Football Australia to crack down on drink breaks used for TV adverts
Football Australia will crack down on drink breaks used to air TV adverts during A-League games, with the boss of its referees pledging to review how the breaks were used and whether they comply with FIFA and club regulations. the International Football Association Board.
Australian professional leagues, owners and operators of the A-League, and broadcaster Network Ten have been accused of interrupting play for up to 90 seconds for drink breaks, in each half of matches on free-to-air TV, of so that TV commercials can be shown.
As revealed by Herald A-League clubs and coaches were told on Friday that drink breaks could be used during Saturday night matches for commercial purposes. This practice is at odds with the FA’s heat policy, which allows drink breaks when temperatures are above 26 degrees during a wet bulb test. FIFA regulations for internationals allow drink breaks for matches played at temperatures above 32 degrees.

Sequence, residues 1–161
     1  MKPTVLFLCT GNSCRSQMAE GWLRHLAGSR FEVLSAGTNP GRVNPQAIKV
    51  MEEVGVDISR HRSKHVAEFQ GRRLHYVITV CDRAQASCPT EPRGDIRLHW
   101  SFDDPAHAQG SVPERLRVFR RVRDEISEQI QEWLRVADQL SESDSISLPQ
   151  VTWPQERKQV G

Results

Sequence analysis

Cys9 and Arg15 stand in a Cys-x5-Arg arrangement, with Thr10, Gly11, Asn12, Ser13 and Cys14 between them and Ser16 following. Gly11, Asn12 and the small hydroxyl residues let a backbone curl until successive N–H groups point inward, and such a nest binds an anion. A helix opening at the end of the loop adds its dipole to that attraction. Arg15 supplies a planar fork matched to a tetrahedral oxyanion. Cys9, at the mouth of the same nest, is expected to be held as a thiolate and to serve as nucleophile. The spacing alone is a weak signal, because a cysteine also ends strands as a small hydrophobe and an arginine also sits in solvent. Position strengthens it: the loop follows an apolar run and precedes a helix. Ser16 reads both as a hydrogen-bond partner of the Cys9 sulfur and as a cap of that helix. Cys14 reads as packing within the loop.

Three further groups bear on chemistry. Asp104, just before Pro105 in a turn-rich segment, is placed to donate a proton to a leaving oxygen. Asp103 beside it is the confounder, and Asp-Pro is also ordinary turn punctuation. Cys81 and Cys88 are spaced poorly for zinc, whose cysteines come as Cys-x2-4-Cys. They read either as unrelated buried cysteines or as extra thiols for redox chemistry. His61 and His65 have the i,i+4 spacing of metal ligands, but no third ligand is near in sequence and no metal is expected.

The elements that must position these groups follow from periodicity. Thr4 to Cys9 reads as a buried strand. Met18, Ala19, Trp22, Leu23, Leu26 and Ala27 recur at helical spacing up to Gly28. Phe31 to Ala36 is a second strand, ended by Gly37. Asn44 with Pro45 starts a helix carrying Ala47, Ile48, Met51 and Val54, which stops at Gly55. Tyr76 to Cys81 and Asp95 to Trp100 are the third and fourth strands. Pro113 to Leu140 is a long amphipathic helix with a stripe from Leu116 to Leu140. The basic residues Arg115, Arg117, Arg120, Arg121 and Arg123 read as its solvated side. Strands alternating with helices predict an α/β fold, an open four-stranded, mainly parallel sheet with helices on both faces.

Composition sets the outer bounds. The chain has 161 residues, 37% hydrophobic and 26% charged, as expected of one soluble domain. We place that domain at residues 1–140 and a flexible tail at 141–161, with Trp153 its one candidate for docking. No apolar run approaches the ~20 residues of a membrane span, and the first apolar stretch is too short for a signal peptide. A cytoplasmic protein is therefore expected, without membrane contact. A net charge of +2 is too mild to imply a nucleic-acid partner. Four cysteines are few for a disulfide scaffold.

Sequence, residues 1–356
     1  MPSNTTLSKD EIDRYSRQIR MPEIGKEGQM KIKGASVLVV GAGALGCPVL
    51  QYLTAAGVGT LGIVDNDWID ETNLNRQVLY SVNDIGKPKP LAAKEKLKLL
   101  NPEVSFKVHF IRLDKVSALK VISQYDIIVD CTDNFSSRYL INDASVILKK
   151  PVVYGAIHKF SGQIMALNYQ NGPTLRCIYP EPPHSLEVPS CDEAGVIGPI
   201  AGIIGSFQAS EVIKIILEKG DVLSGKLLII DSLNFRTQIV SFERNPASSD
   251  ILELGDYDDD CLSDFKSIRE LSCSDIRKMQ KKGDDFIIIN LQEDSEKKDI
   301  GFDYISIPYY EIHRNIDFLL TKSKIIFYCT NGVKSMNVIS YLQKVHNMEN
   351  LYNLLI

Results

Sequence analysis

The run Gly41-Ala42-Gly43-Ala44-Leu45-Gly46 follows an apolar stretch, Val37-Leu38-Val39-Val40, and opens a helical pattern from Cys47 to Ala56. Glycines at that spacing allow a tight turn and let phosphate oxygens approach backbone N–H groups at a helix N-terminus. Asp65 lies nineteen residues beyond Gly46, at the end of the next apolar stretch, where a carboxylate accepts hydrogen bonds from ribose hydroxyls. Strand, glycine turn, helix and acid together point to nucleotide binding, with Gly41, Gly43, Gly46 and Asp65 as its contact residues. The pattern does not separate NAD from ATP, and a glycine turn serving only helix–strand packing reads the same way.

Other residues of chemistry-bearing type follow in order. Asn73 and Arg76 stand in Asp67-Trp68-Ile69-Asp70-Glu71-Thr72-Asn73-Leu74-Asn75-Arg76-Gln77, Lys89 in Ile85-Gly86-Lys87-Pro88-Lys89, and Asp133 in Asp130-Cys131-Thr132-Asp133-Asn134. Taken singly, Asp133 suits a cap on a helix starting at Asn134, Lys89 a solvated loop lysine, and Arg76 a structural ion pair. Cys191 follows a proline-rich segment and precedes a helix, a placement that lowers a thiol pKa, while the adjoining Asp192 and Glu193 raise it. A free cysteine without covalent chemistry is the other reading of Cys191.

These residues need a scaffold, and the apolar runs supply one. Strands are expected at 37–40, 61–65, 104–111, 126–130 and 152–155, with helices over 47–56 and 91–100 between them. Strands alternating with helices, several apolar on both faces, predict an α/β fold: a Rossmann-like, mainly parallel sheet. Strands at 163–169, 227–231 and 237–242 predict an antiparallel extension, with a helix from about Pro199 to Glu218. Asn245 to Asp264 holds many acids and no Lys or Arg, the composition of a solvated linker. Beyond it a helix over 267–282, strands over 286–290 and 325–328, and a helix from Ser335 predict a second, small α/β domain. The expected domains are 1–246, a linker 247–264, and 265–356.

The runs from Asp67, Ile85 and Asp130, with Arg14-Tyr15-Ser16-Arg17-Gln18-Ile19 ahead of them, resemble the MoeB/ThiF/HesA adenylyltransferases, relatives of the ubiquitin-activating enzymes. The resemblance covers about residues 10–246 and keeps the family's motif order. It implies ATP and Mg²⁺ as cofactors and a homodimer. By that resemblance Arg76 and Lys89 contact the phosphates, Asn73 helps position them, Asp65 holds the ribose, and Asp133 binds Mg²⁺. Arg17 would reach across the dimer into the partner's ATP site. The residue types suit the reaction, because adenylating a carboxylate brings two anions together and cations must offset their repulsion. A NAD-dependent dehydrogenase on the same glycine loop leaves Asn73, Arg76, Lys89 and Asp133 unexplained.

A number of dodgy A-League drink breaks are under the FA’s microscope, including two used in Sydney FC’s 1-1 draw with Western United last weekend – a game played at night, in temperatures cool and heavy rain.
FA chief referee Nathan Magill confirmed the use of drink breaks would be reviewed by the organization and suggested they would no longer be permitted for matches in cooler conditions, especially as the season enters in autumn.
“We will review internally with the refereeing team how this aligns with the laws of the game and will likely pivot in that direction,” Magill said. “Our job is to really enforce those laws and make sure they’re in line with the IFAB and FIFA.
“We will reassess as the weather changes from a refereeing perspective and work with the medical team to find out if these breaks are necessary.”
Under FIFA and IFAB regulations, the conditions for authorizing drink breaks are not clearly specified in Article 7 of the Laws of the Game, relating to the duration of a match. Drink breaks are normally reserved for natural breaks in play, such as a stoppage to treat an injured player, or forced stoppages of up to 90 seconds for games played in high temperatures.